It’s remarkable that Clark, a co-recipient of last season’s WBCA Freshman of the Year accolade, has found room for improvement this year. Her scoring prowess (25.6 PPG, second in the country) and passing ability (7.4 assists per contest, third in the nation) are well-documented. However, Clark has also cut back on turnovers (3.8 vs. 4.8 per game last year), and her individual defensive rating has drastically improved from allowing 105.5 points per 100 possessions last year to just 84.0 this season. If Clark’s long-distance shooting returns to form, this could turn into one of the best seasons in recent memory.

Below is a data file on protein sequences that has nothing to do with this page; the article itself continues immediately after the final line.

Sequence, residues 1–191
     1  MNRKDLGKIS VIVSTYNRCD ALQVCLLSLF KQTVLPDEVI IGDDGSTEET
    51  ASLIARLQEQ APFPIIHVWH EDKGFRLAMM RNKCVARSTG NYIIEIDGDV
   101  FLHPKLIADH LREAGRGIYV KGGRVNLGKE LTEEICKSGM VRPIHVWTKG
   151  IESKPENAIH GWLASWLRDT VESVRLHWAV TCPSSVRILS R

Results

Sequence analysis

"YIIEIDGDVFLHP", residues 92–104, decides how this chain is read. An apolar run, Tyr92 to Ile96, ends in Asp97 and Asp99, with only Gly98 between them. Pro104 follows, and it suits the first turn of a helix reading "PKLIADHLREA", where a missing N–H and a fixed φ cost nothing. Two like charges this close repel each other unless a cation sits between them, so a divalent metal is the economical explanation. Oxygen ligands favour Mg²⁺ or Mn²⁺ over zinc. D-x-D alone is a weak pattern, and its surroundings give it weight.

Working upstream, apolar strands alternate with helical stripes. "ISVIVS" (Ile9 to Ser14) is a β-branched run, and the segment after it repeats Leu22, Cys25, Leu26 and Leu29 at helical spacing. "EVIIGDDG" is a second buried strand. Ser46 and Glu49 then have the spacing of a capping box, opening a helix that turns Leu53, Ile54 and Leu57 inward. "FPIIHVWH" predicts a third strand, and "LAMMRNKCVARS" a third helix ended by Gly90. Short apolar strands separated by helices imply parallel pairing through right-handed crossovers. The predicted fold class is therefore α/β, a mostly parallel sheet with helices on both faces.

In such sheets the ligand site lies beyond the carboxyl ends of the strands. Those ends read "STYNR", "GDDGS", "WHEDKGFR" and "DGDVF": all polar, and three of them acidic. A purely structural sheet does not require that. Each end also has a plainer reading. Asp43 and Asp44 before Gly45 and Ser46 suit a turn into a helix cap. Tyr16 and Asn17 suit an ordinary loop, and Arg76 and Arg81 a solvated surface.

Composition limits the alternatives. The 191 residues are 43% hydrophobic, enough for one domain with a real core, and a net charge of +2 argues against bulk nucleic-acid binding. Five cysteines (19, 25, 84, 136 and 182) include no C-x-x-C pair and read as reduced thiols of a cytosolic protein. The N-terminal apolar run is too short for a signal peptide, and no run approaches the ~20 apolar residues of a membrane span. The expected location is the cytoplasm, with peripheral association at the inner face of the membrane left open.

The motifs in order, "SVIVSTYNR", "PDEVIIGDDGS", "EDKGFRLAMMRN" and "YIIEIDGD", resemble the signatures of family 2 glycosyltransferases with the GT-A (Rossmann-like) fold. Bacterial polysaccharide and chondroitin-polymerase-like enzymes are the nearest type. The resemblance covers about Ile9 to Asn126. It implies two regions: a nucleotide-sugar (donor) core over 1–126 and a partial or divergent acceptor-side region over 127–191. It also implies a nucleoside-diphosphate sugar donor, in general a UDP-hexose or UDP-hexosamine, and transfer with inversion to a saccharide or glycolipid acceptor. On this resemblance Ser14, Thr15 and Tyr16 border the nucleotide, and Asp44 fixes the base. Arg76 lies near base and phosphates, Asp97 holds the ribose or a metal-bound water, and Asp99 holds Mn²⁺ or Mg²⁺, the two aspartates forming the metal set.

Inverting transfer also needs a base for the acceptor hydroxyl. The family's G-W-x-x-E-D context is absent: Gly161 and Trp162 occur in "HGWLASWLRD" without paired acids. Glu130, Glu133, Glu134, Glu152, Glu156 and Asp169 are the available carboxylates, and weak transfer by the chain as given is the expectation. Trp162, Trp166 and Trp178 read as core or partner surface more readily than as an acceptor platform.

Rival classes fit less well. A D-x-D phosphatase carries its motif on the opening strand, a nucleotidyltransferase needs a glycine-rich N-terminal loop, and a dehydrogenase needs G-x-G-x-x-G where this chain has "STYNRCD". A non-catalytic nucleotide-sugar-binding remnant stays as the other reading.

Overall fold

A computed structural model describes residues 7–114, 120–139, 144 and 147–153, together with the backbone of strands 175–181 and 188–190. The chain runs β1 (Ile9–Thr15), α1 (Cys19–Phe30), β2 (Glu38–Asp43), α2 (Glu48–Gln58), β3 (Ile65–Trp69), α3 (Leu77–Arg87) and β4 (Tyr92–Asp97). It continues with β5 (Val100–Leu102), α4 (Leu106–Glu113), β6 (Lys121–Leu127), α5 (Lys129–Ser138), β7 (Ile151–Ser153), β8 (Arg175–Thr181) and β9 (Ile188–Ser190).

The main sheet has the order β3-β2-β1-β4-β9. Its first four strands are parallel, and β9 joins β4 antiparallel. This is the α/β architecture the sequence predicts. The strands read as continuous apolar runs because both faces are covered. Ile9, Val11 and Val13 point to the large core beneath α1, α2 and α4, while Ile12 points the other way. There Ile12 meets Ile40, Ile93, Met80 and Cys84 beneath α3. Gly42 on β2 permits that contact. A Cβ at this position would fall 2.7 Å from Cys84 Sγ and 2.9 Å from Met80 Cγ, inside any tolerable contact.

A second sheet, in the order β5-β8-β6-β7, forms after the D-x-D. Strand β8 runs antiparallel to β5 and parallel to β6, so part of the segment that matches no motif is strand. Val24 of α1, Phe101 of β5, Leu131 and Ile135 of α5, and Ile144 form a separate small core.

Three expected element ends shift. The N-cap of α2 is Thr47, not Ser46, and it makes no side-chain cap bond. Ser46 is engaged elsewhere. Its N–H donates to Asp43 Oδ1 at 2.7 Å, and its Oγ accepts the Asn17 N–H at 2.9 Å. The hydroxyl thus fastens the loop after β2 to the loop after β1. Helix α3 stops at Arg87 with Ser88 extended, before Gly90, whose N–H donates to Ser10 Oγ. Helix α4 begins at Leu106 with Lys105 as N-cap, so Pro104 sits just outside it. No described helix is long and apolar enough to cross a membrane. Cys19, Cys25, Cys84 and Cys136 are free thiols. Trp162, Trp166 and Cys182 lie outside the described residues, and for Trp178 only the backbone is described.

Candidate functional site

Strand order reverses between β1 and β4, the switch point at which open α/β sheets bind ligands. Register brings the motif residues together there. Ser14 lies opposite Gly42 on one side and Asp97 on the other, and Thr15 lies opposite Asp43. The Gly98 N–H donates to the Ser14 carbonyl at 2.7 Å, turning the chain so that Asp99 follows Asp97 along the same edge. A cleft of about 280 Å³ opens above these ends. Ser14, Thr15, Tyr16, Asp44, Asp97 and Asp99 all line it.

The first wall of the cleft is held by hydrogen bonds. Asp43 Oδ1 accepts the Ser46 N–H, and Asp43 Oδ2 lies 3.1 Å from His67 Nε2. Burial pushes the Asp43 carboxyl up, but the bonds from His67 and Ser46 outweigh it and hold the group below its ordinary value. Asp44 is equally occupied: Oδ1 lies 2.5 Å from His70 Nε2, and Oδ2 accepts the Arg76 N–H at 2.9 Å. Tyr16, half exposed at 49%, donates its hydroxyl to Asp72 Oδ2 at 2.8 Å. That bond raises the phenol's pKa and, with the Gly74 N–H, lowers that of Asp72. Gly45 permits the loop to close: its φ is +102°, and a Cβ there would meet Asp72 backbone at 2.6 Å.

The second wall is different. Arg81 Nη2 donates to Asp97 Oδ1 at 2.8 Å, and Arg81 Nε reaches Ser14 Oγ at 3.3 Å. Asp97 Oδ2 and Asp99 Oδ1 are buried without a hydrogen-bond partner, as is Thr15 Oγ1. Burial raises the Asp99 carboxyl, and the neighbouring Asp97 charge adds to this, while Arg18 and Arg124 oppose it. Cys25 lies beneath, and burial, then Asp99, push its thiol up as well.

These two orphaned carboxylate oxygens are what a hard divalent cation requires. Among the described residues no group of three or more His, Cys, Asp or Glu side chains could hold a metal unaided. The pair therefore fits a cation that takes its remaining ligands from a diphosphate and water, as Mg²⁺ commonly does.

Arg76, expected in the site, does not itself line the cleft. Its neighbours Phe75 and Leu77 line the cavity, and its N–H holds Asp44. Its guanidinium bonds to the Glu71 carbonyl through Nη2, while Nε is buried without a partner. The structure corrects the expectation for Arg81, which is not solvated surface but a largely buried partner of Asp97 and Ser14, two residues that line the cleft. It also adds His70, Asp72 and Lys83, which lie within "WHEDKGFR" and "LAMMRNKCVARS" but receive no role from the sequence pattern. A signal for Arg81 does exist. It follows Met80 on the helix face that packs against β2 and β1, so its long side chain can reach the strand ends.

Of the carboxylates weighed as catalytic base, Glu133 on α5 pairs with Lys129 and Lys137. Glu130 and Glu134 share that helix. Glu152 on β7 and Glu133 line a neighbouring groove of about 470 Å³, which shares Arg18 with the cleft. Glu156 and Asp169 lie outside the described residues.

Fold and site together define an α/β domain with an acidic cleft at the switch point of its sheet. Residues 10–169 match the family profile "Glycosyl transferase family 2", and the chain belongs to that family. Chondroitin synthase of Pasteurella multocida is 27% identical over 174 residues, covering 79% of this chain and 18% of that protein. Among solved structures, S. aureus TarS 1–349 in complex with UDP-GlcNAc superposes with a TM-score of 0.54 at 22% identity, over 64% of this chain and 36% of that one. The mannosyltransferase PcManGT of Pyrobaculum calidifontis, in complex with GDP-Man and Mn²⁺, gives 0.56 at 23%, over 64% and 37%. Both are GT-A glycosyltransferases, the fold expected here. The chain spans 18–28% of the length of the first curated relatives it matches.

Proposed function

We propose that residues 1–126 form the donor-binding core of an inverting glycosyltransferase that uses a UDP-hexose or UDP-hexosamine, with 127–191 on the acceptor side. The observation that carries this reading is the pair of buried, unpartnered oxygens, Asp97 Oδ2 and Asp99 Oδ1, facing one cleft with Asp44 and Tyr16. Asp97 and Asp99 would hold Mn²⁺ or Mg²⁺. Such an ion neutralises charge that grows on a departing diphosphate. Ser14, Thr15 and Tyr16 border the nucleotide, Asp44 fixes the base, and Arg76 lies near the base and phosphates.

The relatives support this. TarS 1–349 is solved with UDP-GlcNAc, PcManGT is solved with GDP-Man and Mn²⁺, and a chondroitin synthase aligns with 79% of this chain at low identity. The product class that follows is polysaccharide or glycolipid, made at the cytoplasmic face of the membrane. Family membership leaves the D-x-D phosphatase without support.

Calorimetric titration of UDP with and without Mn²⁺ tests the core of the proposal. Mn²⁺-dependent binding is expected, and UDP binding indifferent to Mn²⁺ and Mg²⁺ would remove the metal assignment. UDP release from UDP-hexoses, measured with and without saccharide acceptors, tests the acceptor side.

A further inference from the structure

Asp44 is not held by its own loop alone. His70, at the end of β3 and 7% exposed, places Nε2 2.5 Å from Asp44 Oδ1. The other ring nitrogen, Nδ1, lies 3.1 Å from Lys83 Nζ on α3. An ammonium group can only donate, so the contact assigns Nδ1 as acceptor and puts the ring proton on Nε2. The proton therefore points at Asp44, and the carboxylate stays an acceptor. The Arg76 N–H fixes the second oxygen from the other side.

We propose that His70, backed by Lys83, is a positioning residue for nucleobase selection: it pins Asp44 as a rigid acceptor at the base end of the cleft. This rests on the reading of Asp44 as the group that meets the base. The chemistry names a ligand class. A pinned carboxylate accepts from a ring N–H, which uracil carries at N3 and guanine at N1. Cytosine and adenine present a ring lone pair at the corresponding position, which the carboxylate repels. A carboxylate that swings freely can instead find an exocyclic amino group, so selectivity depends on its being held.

Mid-Major performance of the week: Haley Cavinder, Fresno State
Fresno State’s Haley Cavinder dished out a program-record 13 assists in her team’s 87-74 win over San Jose State Saturday afternoon. That alone is impressive. The fact that she accomplished this feat without committing a single turnover is mind-boggling. Only Cavinder and Iowa State’s Emily Ryan have dished out that many dimes in a game without a single miscue this season. Cavinder recorded her second triple-double of the season with a stat line of 17 points, 13 rebounds, and 13 assists; Caitlin Clark is the only other player to have multiple triple-doubles this year. Therefore, it should come as little surprise that this is my pick for the mid-major performance of the week.